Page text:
Today let us move away from the big, mainstream content and look at what can be found on the fringes and in the corners. And let’s keep it short. Mere minutes in some cases. This list of original, sometimes startling content is mainly about performance and competition.
GameFace (CBC Gem) is not your usual British sitcom. Created by and starring stand-up star Roisin Conaty, it began life on E4, a peripheral outlet to Chanel 4 in Britain, before eventually moving to Channel 4 itself. It takes an offbeat approach to a familiar format. Conaty plays Marcella, a thirtysomething actor who is mainly out of work, drinks too much, is hopeless at the temporary office jobs she takes between gigs, and annoys everyone except a small group of tolerant friends.
In the hands of another actor/creator, Marcella would be deeply irritating and you would find it hard to care. But Conaty has a genuine gift for originality. The series opens with Marcella playing a princess at a kid’s birthday party. She has, however, passed out from a night of drinking and trolling her ex-boyfriend online. She has no direction in her life but she is incredibly funny and looks on the world as a place that obliges her to play the exhausting role of reasonable adult. The first episode has an extraordinary scene in which Marcella finds someone about to die by suicide and the scene moves from funny to poignant and funny again with unusual grace.
Drag Heals (OutTV) is adorable and has a glorious unpredictability. While you might be familiar with the long-running RuPaul’s Drag Race or this past summer’s Canada’s Drag Race, Drag Heals is much less about competition and elimination drama, and more about inclusion and charm.
Created and hosted by playwright Tracey Erin Smith, the series chronicles a gaggle of aspiring drag performers as they figure out what they want to be, learn to perform and then make their debut as performers. It’s like a close-up look a drag school training course and the motley assortment of characters there. Often, unlike RuPaul’s creation, it’s about the '”drag thing” and what the term means. That is, it’s all about people who are not limited by the terms “drag king”/“drag queen” and it celebrates gender play as drag. The upshot is a wonderfully warm, stand-up-and-cheer story.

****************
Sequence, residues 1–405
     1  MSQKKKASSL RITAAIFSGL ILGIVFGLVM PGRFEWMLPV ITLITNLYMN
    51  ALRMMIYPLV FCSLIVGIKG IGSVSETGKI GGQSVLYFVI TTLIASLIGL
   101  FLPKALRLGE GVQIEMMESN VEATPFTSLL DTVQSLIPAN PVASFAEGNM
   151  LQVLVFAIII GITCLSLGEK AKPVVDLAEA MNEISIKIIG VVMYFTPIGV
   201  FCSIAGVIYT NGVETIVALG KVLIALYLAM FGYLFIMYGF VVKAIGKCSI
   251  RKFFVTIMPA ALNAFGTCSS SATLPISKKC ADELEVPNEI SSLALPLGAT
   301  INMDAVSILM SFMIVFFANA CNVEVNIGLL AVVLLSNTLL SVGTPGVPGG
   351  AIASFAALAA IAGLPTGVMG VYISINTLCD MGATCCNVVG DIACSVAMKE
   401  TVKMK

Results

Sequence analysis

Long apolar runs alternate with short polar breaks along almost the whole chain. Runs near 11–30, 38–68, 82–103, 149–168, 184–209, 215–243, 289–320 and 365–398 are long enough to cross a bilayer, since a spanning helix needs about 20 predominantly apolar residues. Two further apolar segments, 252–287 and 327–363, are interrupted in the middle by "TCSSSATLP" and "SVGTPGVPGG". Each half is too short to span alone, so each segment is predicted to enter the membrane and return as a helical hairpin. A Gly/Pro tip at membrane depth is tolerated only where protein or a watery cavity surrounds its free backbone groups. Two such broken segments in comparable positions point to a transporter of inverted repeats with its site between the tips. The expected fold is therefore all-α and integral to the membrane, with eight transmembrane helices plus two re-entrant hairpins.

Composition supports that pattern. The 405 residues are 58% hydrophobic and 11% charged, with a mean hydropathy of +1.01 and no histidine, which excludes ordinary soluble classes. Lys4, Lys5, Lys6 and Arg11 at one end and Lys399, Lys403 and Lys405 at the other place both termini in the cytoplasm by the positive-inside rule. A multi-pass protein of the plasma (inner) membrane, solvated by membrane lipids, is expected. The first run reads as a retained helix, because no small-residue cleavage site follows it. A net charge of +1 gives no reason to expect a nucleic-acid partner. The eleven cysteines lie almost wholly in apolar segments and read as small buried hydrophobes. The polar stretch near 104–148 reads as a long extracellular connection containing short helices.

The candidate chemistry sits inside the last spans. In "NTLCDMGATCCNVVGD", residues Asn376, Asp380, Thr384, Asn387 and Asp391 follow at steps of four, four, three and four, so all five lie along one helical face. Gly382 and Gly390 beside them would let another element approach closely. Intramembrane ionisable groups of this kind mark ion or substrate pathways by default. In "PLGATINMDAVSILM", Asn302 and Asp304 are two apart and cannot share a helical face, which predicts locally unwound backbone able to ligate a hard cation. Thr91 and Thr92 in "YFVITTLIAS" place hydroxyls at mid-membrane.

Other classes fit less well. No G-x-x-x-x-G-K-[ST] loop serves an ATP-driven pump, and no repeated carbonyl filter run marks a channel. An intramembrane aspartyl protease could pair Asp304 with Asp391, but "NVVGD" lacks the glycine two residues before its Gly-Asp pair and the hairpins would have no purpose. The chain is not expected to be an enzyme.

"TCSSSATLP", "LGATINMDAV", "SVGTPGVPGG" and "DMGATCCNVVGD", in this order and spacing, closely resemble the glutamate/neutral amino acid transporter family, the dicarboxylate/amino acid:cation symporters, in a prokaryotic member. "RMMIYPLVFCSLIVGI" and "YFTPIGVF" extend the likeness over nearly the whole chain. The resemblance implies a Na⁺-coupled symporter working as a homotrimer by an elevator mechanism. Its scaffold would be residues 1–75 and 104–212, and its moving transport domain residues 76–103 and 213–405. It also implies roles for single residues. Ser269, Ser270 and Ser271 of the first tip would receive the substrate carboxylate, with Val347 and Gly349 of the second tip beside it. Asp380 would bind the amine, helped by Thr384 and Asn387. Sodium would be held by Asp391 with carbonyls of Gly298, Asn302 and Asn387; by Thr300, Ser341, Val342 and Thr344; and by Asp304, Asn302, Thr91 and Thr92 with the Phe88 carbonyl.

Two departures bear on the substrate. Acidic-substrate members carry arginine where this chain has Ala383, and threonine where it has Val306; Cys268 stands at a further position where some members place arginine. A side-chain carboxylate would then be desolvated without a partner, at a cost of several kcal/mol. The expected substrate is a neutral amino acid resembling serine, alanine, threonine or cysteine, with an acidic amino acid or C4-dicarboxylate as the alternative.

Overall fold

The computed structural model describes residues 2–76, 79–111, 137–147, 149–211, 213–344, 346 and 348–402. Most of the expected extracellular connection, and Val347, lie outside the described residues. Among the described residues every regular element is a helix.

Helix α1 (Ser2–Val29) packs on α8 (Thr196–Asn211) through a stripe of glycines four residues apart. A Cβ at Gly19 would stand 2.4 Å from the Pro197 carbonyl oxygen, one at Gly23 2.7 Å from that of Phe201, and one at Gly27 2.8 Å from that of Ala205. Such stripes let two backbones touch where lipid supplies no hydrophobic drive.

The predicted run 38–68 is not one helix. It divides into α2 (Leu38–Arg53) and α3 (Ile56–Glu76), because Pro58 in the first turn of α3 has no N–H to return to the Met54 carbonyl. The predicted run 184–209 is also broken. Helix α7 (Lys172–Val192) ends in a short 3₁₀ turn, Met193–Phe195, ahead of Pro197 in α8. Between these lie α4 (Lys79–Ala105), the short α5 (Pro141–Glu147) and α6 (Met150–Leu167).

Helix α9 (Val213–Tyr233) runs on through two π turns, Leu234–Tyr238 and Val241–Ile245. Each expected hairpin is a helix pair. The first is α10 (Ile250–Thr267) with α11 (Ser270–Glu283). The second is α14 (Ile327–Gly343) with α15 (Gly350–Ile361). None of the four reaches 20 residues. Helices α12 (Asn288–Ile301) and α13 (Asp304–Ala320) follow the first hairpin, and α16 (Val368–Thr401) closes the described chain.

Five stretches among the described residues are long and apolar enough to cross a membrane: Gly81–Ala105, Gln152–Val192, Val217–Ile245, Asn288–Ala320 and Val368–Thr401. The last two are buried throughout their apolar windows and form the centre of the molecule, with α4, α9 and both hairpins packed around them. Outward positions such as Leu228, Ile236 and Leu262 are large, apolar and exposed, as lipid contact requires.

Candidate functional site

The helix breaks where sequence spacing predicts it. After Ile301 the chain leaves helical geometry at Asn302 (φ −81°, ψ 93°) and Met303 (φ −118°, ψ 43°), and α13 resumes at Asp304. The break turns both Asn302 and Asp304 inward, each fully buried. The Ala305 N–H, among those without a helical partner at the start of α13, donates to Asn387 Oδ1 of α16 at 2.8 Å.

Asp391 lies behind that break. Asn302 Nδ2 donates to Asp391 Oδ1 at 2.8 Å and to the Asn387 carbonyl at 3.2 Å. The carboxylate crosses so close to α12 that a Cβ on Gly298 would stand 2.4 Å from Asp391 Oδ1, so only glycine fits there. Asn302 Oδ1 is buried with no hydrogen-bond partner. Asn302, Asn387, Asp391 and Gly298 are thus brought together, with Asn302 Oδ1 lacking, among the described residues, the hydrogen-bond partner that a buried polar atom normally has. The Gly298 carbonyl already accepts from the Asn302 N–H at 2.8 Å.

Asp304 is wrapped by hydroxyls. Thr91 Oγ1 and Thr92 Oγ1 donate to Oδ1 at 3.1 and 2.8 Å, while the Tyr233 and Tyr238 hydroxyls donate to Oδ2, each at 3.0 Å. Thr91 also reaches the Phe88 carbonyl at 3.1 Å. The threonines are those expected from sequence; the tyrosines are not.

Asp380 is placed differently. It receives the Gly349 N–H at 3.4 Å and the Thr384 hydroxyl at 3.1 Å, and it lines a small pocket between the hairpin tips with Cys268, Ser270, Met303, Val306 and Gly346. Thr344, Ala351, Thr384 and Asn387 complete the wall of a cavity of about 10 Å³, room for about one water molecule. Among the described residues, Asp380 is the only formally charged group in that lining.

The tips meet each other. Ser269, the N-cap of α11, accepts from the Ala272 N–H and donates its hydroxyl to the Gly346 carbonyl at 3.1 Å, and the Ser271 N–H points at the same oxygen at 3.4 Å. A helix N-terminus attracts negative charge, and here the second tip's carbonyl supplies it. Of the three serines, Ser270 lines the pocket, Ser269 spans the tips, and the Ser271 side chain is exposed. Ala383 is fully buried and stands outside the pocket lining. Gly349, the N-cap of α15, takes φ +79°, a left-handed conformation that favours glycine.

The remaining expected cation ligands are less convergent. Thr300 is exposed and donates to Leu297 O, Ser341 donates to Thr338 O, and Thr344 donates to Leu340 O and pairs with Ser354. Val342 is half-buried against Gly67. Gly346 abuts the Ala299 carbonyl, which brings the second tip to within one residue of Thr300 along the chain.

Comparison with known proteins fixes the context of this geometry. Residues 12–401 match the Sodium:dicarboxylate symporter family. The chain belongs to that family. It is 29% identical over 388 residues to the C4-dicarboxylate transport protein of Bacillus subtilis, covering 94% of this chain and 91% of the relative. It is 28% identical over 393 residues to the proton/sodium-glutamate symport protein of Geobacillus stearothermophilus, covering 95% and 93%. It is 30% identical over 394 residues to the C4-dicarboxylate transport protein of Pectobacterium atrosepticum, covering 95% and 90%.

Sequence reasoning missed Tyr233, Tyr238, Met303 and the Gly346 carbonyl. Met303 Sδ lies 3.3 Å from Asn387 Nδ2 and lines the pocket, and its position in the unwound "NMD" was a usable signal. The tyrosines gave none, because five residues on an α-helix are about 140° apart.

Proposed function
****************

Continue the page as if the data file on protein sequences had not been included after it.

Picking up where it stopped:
Short Film Face Off (CBC Gem) is a cornucopia of tiny films that pack a big punch. Most are less than five minutes long and the best rise above anecdote or wisp of a story to hit the viewer with a wallop. There are several true gems in the collection.
The Card, about a harried businesswoman who loses her credit card (directed by Asil Moussa), is very sly about race and presumptions. Vessel (directed by Ethan Godel) is an astoundingly original work about two lonely romantics who go to amazing but plausible lengths to appear both normal and attractive to others.
I Know Her (directed by Fawzia Mirza) is one tightly wound joke about two women who hook up and at first believe they just have so much in common. You can also find short interviews with many of the directors after watching the short films.
Decoys (CBC Gem), which I’ve written about before, is a delightfully droll diversion. Made as a Best in Show-type mockumentary series – six episodes at eight to 14 minutes each – it’s all about a duck-carving competition. It’s so off-the-wall Canadian funny-strange it should be watched every Canada Day. Created and written by David Pelech, it chronicles, fly-on-the-wall style, a small group of fanatics hoping to win top prize at the Northern Alberta Carving Cup.
Defying Gravity: The Untold Story of Women’s Gymnastics (YouTube Originals) is a six-part series offering a blunt, unvarnished look at the road to becoming an elite gymnast in the U.S. It covers the development of gymnastics in recent decades and pays close attention to the mental, physical and emotional rigours that top gymnasts endure. It doesn’t shy away from the sexual abuse scandal that engulfed the U.S. gymnastics program in the past few years.
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